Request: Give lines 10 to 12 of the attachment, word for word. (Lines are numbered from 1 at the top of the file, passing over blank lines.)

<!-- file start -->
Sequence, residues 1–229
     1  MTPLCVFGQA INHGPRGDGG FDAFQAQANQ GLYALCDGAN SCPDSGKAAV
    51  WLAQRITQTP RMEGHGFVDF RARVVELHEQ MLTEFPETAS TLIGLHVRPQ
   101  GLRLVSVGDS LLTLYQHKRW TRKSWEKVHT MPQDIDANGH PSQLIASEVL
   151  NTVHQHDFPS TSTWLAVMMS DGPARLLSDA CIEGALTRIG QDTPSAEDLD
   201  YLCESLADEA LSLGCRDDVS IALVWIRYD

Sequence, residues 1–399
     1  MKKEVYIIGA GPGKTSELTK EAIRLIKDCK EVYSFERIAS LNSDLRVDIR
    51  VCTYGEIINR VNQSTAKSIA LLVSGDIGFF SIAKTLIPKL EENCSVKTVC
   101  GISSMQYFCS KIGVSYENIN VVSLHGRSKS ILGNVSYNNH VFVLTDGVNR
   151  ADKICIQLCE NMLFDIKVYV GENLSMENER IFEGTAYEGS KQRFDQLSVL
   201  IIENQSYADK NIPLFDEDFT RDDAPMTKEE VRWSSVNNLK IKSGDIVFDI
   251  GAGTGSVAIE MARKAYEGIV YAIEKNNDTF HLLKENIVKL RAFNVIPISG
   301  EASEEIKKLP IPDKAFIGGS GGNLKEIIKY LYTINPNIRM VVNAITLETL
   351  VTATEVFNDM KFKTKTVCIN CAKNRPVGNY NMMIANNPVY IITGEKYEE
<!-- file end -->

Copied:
   101  GISSMQYFCS KIGVSYENIN VVSLHGRSKS ILGNVSYNNH VFVLTDGVNR
   151  ADKICIQLCE NMLFDIKVYV GENLSMENER IFEGTAYEGS KQRFDQLSVL
   201  IIENQSYADK NIPLFDEDFT RDDAPMTKEE VRWSSVNNLK IKSGDIVFDI